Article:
In this vignette, we explain how one can estimate the marginal likelihood using the LoRaD method (Wang et al. 2023).

Two DNA sequences, each of length 200 sites, were simulated under the K80 substitution model (Kimura 1980). This model has two parameters:

**transition/transversion rate ratio**, \(\kappa\): the ratio of the instantaneous rate of transition-type substitutions (A \(\leftrightarrow\)G, C\(\leftrightarrow\)T) to the instantaneous rate of transversion-type substitutions (A\(\leftrightarrow\)C, A\(\leftrightarrow\)T, G\(\leftrightarrow\)C, G\(\leftrightarrow\)T).**edge length**, \(v\) : the evolutionary distance between the two sequences measured in expected number of substitutions per site.

A continuous-time, 4-state Markov model was used for both simulation and analysis. The instantaneous rate matrix \({\bf Q}\) that defines the K80 substitution model is

\[\begin{align} {\bf Q} &= \left[ \begin{array}{cccc} -\beta(\kappa + 2) & \beta & \kappa \beta & \beta \\ \beta & -\beta(\kappa + 2) & \beta & \kappa \beta \\ \kappa \beta & \beta & -\beta(\kappa + 2) & \beta \\ \beta & \kappa \beta & \beta & -\beta(\kappa + 2) \\ \end{array} \right], \end{align}\]where the order of (e.g. DNA) states for both rows and columns is A, C, G, T. The matrix of transition probabilities can be obtained by exponentiating the product of \({\bf Q}\) and time \(t\):

\[\begin{align} {\bf P} &= e^{{\bf Q}t}. \end{align}\]The product of the base rate \(\beta\) and time \(t\) can be determined from the edge length parameter \(v\) and transition/transversion rate ratio parameter \(\kappa\). The edge length is the product of the overall substitution rate (\(0.25 (8 \beta + 4 \kappa \beta)\)) and time (\(t\)), yielding

\[\begin{align} v &= 2 \beta t + \kappa \beta t \\ \beta t &= \frac{v}{2 + \kappa} \end{align}\]The transition probabilities may be used to simulate data for one of the two sequences given the other sequence. The state for each site in the starting sequence is drawn from the stationary distribution \(\pi_A=\pi_C=\pi_G=\pi_T=0.25\) implied by \({\bf Q}\).

Given simulated sequence data \({\bf
D}\), the joint posterior distribution \(p(v, \kappa|{\bf D})\) was sampled using
MCMC, with likelihoods computed using the K80 model and using
Exponential priors with mean equal to 50 for both \(v\) and \(\kappa\). The posterior sample (10,000
points sampled 100 iterations apart) after a burn-in of 1000 iterations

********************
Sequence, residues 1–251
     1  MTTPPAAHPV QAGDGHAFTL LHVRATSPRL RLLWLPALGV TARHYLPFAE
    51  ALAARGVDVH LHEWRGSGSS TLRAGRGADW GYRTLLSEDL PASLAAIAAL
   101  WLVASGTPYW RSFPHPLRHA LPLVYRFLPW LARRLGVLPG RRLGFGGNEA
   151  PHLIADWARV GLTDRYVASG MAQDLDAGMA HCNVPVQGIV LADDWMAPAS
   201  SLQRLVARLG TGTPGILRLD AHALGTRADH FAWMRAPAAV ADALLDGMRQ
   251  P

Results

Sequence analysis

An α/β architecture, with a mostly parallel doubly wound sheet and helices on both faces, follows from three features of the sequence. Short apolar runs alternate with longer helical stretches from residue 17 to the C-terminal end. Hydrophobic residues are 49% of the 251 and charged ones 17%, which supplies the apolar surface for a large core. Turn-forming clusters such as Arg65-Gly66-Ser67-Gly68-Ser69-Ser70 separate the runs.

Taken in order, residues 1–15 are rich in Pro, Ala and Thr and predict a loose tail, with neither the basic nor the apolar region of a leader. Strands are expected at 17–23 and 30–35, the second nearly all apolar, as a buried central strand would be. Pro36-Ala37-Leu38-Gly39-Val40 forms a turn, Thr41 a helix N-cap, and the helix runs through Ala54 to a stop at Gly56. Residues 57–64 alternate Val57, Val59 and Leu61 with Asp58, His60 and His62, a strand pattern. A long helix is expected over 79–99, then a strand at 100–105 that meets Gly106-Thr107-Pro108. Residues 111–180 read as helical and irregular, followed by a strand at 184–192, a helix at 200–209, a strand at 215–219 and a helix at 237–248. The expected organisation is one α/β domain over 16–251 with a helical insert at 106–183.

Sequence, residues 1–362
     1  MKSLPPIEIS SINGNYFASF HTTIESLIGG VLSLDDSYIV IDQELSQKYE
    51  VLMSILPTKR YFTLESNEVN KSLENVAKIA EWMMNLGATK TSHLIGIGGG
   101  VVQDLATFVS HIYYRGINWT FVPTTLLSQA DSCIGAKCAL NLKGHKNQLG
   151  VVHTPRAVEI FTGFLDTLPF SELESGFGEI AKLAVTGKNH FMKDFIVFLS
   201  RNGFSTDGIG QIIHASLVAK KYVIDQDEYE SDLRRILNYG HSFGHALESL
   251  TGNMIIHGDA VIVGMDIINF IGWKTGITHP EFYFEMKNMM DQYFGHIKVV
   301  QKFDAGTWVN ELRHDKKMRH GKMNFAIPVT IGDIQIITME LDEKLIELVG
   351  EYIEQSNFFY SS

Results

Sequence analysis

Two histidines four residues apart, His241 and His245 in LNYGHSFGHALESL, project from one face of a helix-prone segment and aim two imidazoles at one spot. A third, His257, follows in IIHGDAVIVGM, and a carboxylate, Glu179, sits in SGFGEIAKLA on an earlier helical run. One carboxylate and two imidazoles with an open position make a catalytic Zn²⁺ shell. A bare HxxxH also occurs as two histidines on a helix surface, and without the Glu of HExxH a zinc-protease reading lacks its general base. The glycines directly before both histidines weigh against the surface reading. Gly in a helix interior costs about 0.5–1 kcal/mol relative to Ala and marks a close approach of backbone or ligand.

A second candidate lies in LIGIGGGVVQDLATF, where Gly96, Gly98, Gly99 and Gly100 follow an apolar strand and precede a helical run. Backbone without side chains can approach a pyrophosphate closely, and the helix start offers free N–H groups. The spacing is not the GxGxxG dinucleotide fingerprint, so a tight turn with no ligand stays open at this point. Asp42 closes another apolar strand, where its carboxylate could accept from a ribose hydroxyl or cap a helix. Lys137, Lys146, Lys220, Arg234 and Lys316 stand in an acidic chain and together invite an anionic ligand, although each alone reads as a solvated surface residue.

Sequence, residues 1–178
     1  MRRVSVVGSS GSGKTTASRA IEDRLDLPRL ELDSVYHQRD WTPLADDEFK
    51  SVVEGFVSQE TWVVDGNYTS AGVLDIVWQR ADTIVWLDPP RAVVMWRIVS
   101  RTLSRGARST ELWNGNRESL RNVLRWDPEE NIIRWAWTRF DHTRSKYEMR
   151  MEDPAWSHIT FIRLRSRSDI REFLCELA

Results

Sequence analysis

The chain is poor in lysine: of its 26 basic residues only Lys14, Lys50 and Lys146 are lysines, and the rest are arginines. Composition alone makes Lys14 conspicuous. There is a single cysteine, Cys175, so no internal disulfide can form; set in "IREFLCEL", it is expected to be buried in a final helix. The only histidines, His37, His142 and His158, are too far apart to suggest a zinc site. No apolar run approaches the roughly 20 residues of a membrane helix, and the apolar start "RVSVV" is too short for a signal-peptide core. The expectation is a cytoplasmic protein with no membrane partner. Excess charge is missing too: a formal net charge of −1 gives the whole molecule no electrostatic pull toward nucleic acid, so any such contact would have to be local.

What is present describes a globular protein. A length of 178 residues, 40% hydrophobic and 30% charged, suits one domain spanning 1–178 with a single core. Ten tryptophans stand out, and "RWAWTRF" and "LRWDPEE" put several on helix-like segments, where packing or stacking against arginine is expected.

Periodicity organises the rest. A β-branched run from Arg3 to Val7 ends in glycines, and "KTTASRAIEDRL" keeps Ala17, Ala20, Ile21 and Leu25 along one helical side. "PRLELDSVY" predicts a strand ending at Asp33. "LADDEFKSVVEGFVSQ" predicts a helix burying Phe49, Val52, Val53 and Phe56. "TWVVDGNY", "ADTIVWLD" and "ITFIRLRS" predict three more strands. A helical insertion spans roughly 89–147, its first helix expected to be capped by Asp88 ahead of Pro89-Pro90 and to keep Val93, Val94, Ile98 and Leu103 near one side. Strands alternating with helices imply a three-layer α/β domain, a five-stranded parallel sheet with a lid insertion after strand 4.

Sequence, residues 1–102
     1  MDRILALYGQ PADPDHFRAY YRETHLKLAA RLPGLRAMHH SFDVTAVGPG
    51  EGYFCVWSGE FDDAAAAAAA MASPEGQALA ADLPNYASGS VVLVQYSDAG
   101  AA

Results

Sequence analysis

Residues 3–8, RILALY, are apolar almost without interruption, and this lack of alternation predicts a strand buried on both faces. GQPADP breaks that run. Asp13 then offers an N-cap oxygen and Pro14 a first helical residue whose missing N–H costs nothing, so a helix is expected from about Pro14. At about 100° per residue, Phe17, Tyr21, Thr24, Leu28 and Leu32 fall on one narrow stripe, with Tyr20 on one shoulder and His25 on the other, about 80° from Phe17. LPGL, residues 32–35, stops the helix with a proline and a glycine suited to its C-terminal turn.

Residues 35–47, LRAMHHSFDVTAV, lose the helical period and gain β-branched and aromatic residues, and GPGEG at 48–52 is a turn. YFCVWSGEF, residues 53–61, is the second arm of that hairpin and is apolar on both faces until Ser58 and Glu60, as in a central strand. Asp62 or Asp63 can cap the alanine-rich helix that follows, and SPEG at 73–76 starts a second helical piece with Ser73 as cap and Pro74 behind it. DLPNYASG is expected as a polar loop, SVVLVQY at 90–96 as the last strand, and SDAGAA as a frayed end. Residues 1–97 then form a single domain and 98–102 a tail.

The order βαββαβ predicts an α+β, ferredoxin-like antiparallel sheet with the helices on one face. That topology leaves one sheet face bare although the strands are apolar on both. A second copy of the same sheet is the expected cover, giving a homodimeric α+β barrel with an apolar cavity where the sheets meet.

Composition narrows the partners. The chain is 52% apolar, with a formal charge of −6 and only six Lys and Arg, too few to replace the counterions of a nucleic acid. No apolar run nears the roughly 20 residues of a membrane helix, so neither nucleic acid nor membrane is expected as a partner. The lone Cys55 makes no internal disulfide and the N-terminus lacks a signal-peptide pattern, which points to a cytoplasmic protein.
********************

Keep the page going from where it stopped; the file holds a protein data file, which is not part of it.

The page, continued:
was saved tab-delimited text file *k80-samples.txt*. In the file
there are four columns, iter (MCMC-iteration), log-kernel (log posterior
kernel), edgelen (sampled edge length), and kappa (sampled kappa
parameter).

In this example we will compute an estimate of the marginal likelihood under this model using the LoRaD method.

First, load the lorad package.

Read in the file containing the posterior sample.

Next, we must create a named vector to associate each column name in
`k80samples`

with a column specification. Here are the
possible column specifications:

**iteration**: The MCMC iteration**posterior**: The values in this column are components of the posterior (log scale)**nonnegative**: The parameter has non-negative support \([0,\infty)\)**unconstrained**: The parameter has support \((-\infty,\infty)\)**ignore**: The column should be ignored

All columns labeled **posterior** will be summed to
create the log posterior kernel (sum of log likelihood and log joint
prior).

Here are the column specifications appropriate for this example.

Column | Specification |
---|---|

iter | iteration |

log.kernel | posterior |

edgelen | positive |

kappa | positive |

```
# Create a named vector holding the column specifications
colspec <- c("iter"="iteration", "log.kernel"="posterior", "edgelen"="positive", "kappa"="positive")
```

The LoRaD requires all parameters to be unconstrained in their
support. Thus, the `positive`

column specification for both
`edgelen`

and `kappa`

results in a log
transformation prior to application of the LoRaD method.

To run the LoRaD function we need to specify the **training
fraction**, the **training sample selection
method**, and the **coverage fraction**. The
training fraction and the coverage fraction must be between 0 and 1. The
training sample selection method can be *left* (the first part of
the sample), *right* (the second part of the sample), or
*random* (a random part of the sample).

For this example we used 0.5 for the training fraction, 0.1 for the coverage fraction, and “left” for the training sample selection method.

```
results <- lorad_estimate(k80samples, colspec, 0.5, "left", 0.1)
lorad_summary(results)
#> This is lorad 0.0.1.0
#> Parameter sample comprises 10000 sampled points
#> Each sample point is a vector of 2 parameter values
#>
#> Training fraction is 0.5
#> Coverage specified is 0.1
#>
#> Partitioning samples into training and estimation:
#> Sample size is 10000
#> Training sample size is 5000
#> Estimation sample size 5000
#>
#> Processing training sample...
#> Lowest radial distance is 0.464997772
#> Log Delta -2.278161285
#>
#> Processing estimation sample...
#> Number of samples used is 510
#> Nominal coverage specified is 0.100000
#> Realized coverage is 0.102000
#> Log marginal likelihood is -460.822385
#>
```

For comparison, the two log marginal likelihood estimates reported by Wang et al. (2023) were -460.82239 (LoRaD method) and -460.86154 (Steppingstone method).

Kimura, Motoo. 1980. “A Simple Method for Estimating Evolutionary
Rates of Base Substitutions Through Comparative Studies of Nucleotide
Sequences.” *Journal of Molecular Evolution* 16 (2):
111–20. https://doi.org/10.1007/BF01731581.

Wang, Yu-Bo, Analisa Milkey, Aolan Li, Ming-Hui Chen, Lynn Kuo, and Paul
O. Lewis. 2023. “LoRaD: Marginal Likelihood Estimation with Haste
(but No Waste).” *Systematic Biology* 72 (3): 639–48. https://doi.org/10.1093/sysbio/syad007.